Contemporary definitions are of two main sorts. One distinctivelymodern, conventionalist, sort of definition focuses on art’sinstitutional features, emphasizing the way art changes over time,modern works that appear to break radically with all traditional art,and the relational properties of artworks that depend on works’relations to art history, art genres, etc. The less conventionalistsort of contemporary definition makes use of a broader, moretraditional concept of aesthetic properties that includes more thanart-relational ones, and focuses on art’s pan-cultural andtrans-historical characteristics.
Definitions of art attempt to make sense of two different sorts offacts: art has important historically contingent cultural features, andit also, arguably, has trans-historical, trans-cultural characteristicsthat point in the direction of a relatively stable aesthetic core.(Theorists who regard art as an invention of eighteenth-century Europewill, of course, regard this way of putting the matter as tendentious,on the grounds that entities produced outside that culturallydistinctive institution do not fall under the extension of“art” and hence are irrelevant to the art-defining project(Shiner 2001). Whether the concept of art is precise enough to justifythis much confidence about what falls under its extension claim isunclear.) Conventionalist definitions take art’scultural features to be explanatorily fundamental, and attempt tocapture the phenomena—revolutionary modern art, the traditionalclose connection of art with the aesthetic, the possibility ofautonomous art traditions, etc.—in social/historicalterms. Non-conventionalist or “functionalist”definitions reverse this explanatory order, taking a concept like theaesthetic (or some allied concept like the formal, or the expressive)as basic, and aim to account for the phenomena by working that conceptharder, perhaps extending it to non-perceptual properties.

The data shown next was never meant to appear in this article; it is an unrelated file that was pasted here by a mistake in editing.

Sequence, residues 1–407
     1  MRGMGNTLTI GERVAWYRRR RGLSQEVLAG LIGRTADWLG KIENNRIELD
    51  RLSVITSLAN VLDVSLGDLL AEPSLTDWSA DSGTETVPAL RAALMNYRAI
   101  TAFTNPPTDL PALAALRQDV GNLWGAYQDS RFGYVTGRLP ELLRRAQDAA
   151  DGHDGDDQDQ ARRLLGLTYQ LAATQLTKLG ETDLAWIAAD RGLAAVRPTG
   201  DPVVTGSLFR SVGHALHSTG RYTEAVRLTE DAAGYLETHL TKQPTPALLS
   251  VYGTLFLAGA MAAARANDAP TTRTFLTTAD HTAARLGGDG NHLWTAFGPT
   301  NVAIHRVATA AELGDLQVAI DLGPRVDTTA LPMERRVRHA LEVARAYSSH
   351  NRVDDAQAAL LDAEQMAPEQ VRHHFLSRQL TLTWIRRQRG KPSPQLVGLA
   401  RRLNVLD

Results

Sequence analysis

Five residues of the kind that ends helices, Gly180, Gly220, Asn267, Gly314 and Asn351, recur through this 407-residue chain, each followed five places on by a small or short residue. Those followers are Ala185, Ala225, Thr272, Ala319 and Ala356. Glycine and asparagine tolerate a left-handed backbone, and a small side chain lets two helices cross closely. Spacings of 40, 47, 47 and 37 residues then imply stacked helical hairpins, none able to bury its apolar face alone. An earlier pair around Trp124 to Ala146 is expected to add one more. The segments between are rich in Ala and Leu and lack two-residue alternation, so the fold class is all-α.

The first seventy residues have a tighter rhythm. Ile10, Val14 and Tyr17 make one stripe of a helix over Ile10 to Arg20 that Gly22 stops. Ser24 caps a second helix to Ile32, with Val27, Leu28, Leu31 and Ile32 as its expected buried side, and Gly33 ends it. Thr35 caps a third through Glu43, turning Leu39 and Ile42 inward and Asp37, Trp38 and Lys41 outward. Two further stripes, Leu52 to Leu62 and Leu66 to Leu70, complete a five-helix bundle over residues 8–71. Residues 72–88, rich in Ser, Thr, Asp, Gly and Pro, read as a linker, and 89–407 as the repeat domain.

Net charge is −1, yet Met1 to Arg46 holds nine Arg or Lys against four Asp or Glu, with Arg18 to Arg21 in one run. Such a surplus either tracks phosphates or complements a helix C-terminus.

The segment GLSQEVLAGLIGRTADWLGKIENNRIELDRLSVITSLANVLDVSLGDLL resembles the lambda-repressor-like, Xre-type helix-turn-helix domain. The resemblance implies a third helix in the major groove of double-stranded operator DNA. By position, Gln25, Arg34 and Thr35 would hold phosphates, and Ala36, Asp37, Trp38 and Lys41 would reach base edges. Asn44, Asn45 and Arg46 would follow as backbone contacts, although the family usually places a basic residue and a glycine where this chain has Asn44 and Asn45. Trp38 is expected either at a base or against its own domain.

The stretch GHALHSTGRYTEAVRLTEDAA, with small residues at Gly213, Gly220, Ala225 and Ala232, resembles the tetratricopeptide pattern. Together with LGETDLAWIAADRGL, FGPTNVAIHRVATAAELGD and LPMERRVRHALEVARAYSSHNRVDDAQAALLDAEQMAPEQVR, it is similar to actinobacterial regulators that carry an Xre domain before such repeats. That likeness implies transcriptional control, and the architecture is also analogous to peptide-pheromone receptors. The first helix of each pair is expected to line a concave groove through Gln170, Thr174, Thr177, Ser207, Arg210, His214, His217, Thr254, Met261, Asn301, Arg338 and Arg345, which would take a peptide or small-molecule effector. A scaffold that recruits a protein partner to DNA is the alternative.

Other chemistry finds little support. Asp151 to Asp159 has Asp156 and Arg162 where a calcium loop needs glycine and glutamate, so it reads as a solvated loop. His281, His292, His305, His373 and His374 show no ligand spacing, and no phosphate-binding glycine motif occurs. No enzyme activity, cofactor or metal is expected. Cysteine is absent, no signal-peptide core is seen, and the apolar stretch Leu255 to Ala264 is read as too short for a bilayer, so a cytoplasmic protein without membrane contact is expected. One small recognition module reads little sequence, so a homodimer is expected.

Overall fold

Personhood is the status of being a person
Thus, revivals can turn to the Order of Malta as an example of the meaning,in a 20th century context, of the phrase "order of knighthood".In essence, they argue, the present-day Order of Malta, by its fame alone,shows that historical continuity need not be observed exactly, and itsactivities define what an order of knighthood is. Anything that resemblesit is an order of knighthood. It should be clear why I find this logicrather backwards. The Order of Malta is a legitimate order of knighthoodto the extent that it is . The changes in its vocation and constitution, although important,do not outweigh that historical continuity (evidenced in part in the classof Knights of Justice, whose rigorous criteria the revivals do not eventry to emulate). But to take those changes as it as anorder allows one to dispense with the criterion of historical continuity,which is of course the aim of those revivals.